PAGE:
Rather than letting an arbitrator choose between the reigning Cy Young winner’s $10 million request and the team’s $6.5 million counter, Clayton Kershaw and the Dodgers have agreed to a two-year contract worth $19 million.
Dylan Hernandez of the Los Angeles Times reports that Kershaw will get $7.5 million this season, $11 million in 2013, and a $500,000 signing bonus. Had the two sides simply agreed to a midpoint settlement for 2012 he’d have earned $8.25 million.
The signing does not impact his free agency timetable, as Kershaw was already under team control through 2014 via the arbitration process. This simply means the Dodgers are pre-paying for his first two years of arbitration, trading cost certainty for upfront money, and will still be able to go through the arbitration process with him in 2014. And then he’ll be a free agent.
Back when Tim Lincecum was in a similar situation in terms of service time he signed away his first two seasons of arbitration eligibility for $23 million. Lincecum already had two Cy Young awards, as opposed to Kershaw’s one, but the comparison still makes this signing look like a pretty nice move for the Dodgers.
Why is this man smiling? Man, I wouldn’t be smiling if I read what I just read.
This is the week when ESPN’s Keith Law releases his prospect and farm system rankings. He kicks off his content this week with a top-to-bottom ranking of all 30 farm systems. As a rule he limits his analysis to players who are currently in the minors and who have not yet exhausted their rookie of the year eligibility.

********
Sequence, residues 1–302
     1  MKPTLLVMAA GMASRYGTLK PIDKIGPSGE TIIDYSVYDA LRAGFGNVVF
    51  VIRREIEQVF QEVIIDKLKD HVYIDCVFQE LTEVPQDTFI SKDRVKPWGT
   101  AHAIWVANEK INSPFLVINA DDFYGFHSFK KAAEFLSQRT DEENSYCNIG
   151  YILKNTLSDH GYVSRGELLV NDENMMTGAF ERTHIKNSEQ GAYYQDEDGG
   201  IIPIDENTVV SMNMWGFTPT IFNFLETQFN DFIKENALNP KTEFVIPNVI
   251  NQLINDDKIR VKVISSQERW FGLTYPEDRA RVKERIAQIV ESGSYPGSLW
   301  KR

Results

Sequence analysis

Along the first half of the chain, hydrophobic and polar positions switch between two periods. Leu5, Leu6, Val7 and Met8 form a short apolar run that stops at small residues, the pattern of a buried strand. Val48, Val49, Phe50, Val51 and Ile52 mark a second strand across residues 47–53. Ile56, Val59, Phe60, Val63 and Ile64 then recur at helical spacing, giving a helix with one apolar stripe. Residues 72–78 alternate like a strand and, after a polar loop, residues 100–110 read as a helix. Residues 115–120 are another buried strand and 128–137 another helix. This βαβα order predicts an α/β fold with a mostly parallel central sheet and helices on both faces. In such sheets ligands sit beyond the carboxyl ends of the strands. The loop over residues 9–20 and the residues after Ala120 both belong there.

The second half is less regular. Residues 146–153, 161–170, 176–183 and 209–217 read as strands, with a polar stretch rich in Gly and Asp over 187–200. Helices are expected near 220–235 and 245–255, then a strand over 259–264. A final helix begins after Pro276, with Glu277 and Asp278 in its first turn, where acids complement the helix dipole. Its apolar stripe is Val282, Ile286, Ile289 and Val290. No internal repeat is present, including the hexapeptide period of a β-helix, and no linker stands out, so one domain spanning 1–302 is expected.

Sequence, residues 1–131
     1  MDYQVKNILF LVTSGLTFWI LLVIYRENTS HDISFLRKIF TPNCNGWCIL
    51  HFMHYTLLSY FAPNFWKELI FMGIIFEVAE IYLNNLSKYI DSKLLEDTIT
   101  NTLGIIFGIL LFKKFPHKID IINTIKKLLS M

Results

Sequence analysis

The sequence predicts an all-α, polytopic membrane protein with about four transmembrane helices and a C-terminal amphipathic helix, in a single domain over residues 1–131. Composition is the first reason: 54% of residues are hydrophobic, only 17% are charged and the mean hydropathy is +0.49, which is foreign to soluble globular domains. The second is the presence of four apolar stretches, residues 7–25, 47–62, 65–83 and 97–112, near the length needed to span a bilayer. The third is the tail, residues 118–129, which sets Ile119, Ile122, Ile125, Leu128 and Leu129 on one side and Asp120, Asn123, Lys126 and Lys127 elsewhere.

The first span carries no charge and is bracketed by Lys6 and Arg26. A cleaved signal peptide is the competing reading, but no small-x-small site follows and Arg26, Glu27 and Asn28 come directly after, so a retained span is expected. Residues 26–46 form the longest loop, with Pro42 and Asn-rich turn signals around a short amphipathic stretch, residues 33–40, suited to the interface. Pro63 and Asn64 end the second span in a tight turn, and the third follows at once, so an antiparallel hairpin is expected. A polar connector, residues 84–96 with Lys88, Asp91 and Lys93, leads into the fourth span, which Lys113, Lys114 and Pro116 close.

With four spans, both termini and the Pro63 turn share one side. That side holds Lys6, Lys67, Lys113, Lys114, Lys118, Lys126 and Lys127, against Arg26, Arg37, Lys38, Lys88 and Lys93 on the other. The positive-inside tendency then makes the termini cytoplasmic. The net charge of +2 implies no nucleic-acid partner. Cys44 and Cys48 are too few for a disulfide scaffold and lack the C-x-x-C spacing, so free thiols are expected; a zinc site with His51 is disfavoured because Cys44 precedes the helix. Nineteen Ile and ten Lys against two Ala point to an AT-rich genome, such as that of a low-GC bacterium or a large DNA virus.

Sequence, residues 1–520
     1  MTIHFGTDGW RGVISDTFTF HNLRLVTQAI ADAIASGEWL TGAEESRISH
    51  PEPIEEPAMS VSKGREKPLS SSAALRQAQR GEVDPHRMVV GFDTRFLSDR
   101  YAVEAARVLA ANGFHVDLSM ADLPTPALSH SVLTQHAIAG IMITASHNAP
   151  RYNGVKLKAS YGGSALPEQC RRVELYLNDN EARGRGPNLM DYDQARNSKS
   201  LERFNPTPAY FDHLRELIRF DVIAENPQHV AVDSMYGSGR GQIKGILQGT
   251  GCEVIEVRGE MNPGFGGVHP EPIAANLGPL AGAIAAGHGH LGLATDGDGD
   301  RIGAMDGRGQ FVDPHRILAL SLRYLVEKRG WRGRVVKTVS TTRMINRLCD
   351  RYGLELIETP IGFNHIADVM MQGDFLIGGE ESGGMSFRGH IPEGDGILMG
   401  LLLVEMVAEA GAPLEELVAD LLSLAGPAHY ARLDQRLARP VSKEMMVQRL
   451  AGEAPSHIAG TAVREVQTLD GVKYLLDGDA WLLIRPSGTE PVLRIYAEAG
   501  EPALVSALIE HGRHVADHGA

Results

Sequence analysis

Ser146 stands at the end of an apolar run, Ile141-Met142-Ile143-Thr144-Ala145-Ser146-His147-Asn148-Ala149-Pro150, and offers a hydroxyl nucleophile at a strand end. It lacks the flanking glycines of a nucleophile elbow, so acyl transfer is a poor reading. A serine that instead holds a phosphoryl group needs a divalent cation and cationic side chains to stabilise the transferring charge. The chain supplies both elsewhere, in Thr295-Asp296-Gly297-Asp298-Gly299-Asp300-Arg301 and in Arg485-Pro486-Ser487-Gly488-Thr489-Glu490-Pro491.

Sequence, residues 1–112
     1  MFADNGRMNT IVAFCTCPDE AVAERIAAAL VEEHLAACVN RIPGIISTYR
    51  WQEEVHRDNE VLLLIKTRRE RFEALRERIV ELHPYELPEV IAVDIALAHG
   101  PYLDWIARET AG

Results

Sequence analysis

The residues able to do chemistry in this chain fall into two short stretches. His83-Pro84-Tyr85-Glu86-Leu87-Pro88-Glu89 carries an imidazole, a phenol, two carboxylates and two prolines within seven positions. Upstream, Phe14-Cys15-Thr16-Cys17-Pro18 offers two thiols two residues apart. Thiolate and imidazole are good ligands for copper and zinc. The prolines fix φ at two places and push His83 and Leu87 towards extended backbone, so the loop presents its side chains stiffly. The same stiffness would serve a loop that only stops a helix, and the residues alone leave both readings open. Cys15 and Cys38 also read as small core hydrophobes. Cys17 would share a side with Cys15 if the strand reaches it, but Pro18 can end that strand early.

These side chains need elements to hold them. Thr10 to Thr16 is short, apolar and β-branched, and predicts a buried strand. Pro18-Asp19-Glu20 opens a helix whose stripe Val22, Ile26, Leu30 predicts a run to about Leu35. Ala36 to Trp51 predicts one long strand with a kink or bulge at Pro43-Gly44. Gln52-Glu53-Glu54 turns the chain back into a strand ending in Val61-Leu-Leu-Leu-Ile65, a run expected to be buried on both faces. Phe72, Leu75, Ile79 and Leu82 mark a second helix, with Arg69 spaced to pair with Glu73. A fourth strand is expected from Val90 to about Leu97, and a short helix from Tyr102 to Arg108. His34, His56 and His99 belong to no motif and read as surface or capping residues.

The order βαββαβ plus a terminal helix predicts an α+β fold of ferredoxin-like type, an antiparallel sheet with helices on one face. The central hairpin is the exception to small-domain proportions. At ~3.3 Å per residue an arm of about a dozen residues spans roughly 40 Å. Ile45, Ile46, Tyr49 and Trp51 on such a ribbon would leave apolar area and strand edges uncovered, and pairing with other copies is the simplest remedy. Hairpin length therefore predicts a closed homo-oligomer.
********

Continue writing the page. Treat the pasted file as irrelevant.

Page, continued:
For the second straight year, Law ranks the Braves as the best system in baseball. Number two — making a big leap from last year’s number 13 ranking – is the New York Yankees. Dead last: the Arizona Diamondbacks, which Law says “Dave Stewart ritually disemboweled” over the past two years. That’s gotta hurt.
If you want to know the reasons and the rankings of everyone in between you’ll have to get an ESPN Insider subscription. Sorry, I know everyone hates to pay for content on the Internet, but Keith and others who do this kind of work put a lot of damn work into it and this is what pays their bills. I typically don’t like to pay for content myself, but I do pay for an ESPN Insider subscription. It’s worth it for Law’s work alone.
The Toronto Blue Jays, like a lot of teams, will wear an alternate jersey next year. It’ll be for Sunday home games. They call it their “Canadiana,” uniforms. Which, hey, let’s hear it for national pride.
(question to Canada: my grandmother and my three of my four maternal great-grandparents were Canadian. Does that give me any rights to emigrate? You know, just in case? No reason for asking that today. Just curious!).
Anyway, these are the uniforms:
More like RED Jays, am I right?
OK, I am not going to leave this country. I’m going to stay here and fight for what’s right: a Major League Baseball-wide ban on all red alternate jerseys for anyone except the Cincinnati Reds, who make theirs work somehow. All of the rest of them look terrible.
Oh, Canada indeed.